The old days of Lance Armstrong’s team controlling the Tour de France are over. His RadioShack team suffered at the hands of Saxo Bank in Tuesday’s stage three to Arenberg, letting Andy Schleck’s Saxo Bank hammer at the head over the cobbled roads.

Without RadioShack at the front, Armstrong was vulnerable to losing time to crashes or mechanicals. In sector four, Sars-et-Rosières, disaster struck. Andy Schleck’s brother, Fränk, crashed and held up Armstrong. Unlike many other favourites, though, Armstrong lost further time to a punctured tyre.

When Armstrong ruled the Tour de France for seven years (1999 to 2005), he kept his US Postal/Discovery Channel team on the front at all times to avoid such mishaps. Today, though, RadioShack showed it lacked strength or perhaps lacked faith in their leader’s ability.

“That’s just the nature of the sport,” said Armstrong. “Some times you’re the hammer and sometimes you’re the nail. Today I was the nail, but I had plenty of days where I was the hammer.”

He continued to rattle off clichés, perhaps preparing for a political career. First though, he plans on fighting for Tour de France win number eight, making up his one minute and 21 second deficit to Schleck.

Armstrong said, “I am not going home.”

Tour de France 2010: Latest news

Thomas in tour’s white jersey; Wiggins gains time

Evans and Schleck gain in Tour’s hell of the north

The Feed Zone: Tour news and views (July 6)

Vande Velde abandons Tour following crash

Andy Schleck has a laugh after stage two crash

The Feed Zone: News and views (July 5)

Sky banks on Thomas ahead of cobbled stage

Cavendish’s sprint train weakened with Hansen out

Armstrong under fire as Landis allegations reach mainstream

Team Sky’s decision to put Wiggins off early back fires

Tour de France 2010: Stage reports

Stage three: Hushovd takes dramatic win; Thomas second on stage and GC

Stage three live coverage: As it happened

Stage two: Comeback man Chavanel takes victory in Spa

Stage one: Petacchi wins in Brussels as bunch left in tatters

Prologue: Cancellara pips Martin to win

Tour de France 2010: Photos

Stage three photo gallery

Stage two photo gallery

Stage one gallery

Prologue photo gallery

Tour de France 2010: Videos

Stage three video highlights

Stage two video highlights

Stage one video highlights

Prologue video highlights

Tour de France 2010: Race guide

Tour de France 2010: Cycling Weekly’s coverage index

Official start list, with race numbers

Brits at the Tour 2010

Tout team guide

Tour jerseys: What they are and what they mean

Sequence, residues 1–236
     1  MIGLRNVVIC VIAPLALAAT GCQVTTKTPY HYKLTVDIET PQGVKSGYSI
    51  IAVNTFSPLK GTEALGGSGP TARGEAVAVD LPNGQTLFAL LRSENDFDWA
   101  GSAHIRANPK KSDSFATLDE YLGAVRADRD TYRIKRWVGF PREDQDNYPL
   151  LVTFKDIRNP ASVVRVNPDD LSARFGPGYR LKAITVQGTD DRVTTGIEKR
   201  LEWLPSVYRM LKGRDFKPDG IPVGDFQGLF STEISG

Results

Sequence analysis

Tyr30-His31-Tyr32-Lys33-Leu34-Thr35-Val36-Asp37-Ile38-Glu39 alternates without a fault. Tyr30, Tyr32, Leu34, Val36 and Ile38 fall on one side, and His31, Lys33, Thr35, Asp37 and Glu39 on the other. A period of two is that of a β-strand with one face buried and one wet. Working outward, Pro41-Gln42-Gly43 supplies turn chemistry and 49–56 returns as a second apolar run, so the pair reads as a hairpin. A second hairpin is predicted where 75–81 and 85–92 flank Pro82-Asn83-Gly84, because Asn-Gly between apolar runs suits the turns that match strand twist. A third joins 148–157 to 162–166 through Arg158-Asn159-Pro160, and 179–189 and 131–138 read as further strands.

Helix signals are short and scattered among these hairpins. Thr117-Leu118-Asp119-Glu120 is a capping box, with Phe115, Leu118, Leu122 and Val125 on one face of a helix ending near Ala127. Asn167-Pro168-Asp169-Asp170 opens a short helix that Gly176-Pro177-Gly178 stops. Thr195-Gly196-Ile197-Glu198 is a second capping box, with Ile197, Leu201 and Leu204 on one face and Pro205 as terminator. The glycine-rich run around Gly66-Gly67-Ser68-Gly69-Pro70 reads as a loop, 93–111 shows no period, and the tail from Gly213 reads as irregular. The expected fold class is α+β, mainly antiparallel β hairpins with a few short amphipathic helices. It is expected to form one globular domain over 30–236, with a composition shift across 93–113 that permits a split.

Brits in the Tours: From Robinson to Wiggins

Tour de France 2010: Pictures

Tour team presentation, Rotterdam

Tour teams take to the cobbles: Photo special


  • Drstrangelove

    This story isn’t even mildly critical.

    Why is it when some yank reads a story that they don’t agree with they take offence.

  • patricia

    I didn’t really read the article as anti-Lance. In fact the quotes that they reported from him were pretty humble by Lance standards.

    To me it seemed more of a refelection that in the Old Days his team-mates would have been there to rally round, fight over who was going to donate their bike to him, and shepherd him back to the front before you’d even noticed that there was a problem. On Tuesday however he was left isolated and fighting for his own survival.

    I don’t think that the CW is a wealthy enough publication to start being too anti-Lance. It would simply herald their financial ruin!

  • Graham

    These comments appear to relate to a different article than the one I just read, which reported the facts and then added a couple of lines of humour (or ‘humor’ to Americans suffering from a sense of ‘humor’ failure).

    Without some form of opinion, news items would just be a me-too, by-numbers McQuote-a-thon. You can read regurgitated newswire pieces anywhere on the web. I’d rather see Cycling Weekly’s writers express an opinion, even if I don’t agree with it.

    Carry on.

  • Keith

    News articles full of bias, intolerance and opinion is one reason I don’t bother reading newspapers any more. It a bit sad when a magazine reporting a sport I take part in as a hobby takes itself so seriously and starts doing the same. Lighten up guys, it’s supposed to be fun! You are beginning to be boring and tedious to me at least. But hey, what do i know, I think Clarkson is boring too :-) At least with Twitter I can unfollow, would you want me to do that with the print edition too??

  • mike

    You guys are pathetic. Ever wonder why you’re not as popular worldwide than other cycling websites? Its because you let personal opinion drive your writing. I thought Lionel was the only donkey on your staff that had an inferiority complex. Report on the TDF and cycling…not LANCE!

  • Enrico

    I think Gregor Brown has quite a dislike for Lance and has let his dislike for Lance get in the way of doing his job properly, anyone could write this rubbish. The man has one bad day and you let your feelings take over and write this drivel. This article doesn’t say more that you dislike Lance Armstrong. At least Lance had the guts to admit that the other guys where better than him and had a bit more luck than him on the stage.

  • Focus

    Why do CW appear to write every Armstrong article with an Anti-Armstrong slant?
    Yesterday’s bad luck has nothing to do with any other issues yet you seem to allow your personal dislike to shine through in your writing.